And in the real world, all the time and resources squandered pursuing these cases would be stolen from finding children in real danger – potentially undermining any alleged gains the  algorithm produced in finding such children.

Consultant #2

Consultant #2 is a private child welfare agency based in Florida known as Eckerd Kids. In Florida, everything after the initial removal of a child is handled by private “lead agencies.”  Eckerd, which had the contract for the St. Petersburg area was brought in to take over nearby metropolitan Tampa after, yes, a “series” or “spate” or “rash” of deaths of children “known to the system.” 

They implemented a predictive analytics algorithm called Rapid Safety Feedback. Eckerd then implied that this caused the deaths to stop – they brag about this on their website.  As the same time, they piously proclaim that they don’t really know if the two are related – and they really aren’t claiming any such thing.

In fact, the picture in Tampa is far murkier than Eckerd and proponents of predictive analytics claim.  Full details are in Big Data is Watching You.  (Scroll down or search for “What Really Happened in Tampa.”)

And while backers of a take-the-child-and-run approach across the country have been fawning over Eckerd’s methods, the agency seems to be having trouble keeping its own house in order. A foster child in the care of one of Eckerd’s subcontractors died late last year and the foster mother has been charged with first degree murder and aggravated child abuse. The foster mother worked as a marketing manager for another Eckerd subcontractor.

There is no indication that Eckerd uses Rapid Safety Feedback to screen foster parents. But if they did, this one probably would have gotten a low risk score. Why? Because as the Tampa Bay Times put it in an editorial that revealed a lot about bias in child welfare, analytics – and journalism – the accused

seemed in many ways an ideal foster mother. College-educated with a $70,000 income, she lived in a nice Riverview neighborhood …

Of course, every agency has such failures. But it appears that Eckerd is being sought out by child welfare systems across the county largely on the basis of hype about how it supposedly stops such tragedies with predictive analytics.

Consultant #3

Consultant #3 is Casey Family Programs. This is one of several separate but similar foundations all endowed through the fortune of UPS founder Jim Casey (the Annie E. Casey Foundation, which, long ago, funded NCCPR, is another). Casey Family Programs is run by William Bell who joined Casey after an undistinguished tenure running ACS.  But I think the reason Casey is being brought in is because of the recent work of its Executive Vice President of Systems Improvement, David Sanders.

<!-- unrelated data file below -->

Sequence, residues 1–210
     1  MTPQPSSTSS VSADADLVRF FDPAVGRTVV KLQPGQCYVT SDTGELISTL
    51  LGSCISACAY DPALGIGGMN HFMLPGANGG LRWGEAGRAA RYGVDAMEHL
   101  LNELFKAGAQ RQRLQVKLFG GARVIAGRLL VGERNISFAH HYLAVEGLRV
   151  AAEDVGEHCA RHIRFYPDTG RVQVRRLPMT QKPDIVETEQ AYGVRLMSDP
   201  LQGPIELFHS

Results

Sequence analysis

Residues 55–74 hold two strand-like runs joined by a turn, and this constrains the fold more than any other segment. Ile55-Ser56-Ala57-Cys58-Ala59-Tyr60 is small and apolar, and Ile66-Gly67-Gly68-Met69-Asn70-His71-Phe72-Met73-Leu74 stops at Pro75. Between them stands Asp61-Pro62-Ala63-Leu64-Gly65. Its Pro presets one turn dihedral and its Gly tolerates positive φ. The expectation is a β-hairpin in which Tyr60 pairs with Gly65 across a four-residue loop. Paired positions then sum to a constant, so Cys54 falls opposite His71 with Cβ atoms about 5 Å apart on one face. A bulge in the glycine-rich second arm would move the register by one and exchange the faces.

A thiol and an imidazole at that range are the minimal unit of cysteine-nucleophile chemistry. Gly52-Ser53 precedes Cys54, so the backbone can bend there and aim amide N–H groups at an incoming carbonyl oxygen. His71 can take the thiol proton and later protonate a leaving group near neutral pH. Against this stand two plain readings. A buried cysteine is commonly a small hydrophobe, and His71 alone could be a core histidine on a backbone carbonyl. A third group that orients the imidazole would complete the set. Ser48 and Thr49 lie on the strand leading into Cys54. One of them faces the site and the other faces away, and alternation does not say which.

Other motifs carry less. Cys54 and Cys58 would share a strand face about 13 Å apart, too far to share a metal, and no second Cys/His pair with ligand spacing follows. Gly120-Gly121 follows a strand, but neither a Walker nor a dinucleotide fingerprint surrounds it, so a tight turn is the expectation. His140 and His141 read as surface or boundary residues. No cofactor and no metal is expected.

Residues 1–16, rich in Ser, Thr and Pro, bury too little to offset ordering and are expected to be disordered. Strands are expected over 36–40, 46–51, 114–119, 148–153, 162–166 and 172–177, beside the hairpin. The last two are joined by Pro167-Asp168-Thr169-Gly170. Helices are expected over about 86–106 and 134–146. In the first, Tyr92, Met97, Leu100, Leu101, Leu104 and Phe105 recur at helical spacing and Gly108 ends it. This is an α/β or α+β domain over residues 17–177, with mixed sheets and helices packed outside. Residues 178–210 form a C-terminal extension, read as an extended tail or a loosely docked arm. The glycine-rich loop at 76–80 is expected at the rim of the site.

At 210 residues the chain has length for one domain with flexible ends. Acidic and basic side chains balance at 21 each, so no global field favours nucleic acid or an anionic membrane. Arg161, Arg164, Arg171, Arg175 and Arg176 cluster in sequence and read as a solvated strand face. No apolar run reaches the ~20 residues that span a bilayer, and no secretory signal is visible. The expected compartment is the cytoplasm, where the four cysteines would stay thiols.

Sanders also ran the Los Angeles child welfare agency – and he did a good job there. But more recently he’s been far less successful. Sanders chaired a wretched mess known as the Commission to Eliminate Child Abuse and Neglect Fatalities. 

The commission was chaotic, it was angry, it was dysfunctional, it was secretive and it made its decisions based on newspaper horror stories.  In other words, a commission tasked with studying the child protective services system devolved into a microcosm of that system.  Details are in a series of previous posts to this blog, in NCCPR’s report critiquing the commission’s work, and in a scathing dissenting report from one of the commissioners.

And what was the key recommendation from this commission? Take the racially biased, class biased approach of predictive analytics and make it even worse.  And what was the basis for this recommendation?  Eckerd’s supposed success in Tampa.

From all this, an ugly picture emerges. New York City appears poised to reverse decades of progress, albeit inconsistent progress, in safely reducing the number of children consigned to the chaos of foster care.

And in another classic example of liberals who forget everything they claim to believe in when someone whispers the words child abuse in their ears, we have Mayor de Blasio. He has campaigned against racial bias in policing, but apparently he’s ready to accept it in child welfare.

 Good reason to be scared

During a previous foster-care panic in New York a 14-year-old wrote an essay called “I am scared of ACS.” 

Today, New York City’s vulnerable children have good reason to be scared of ACS once again.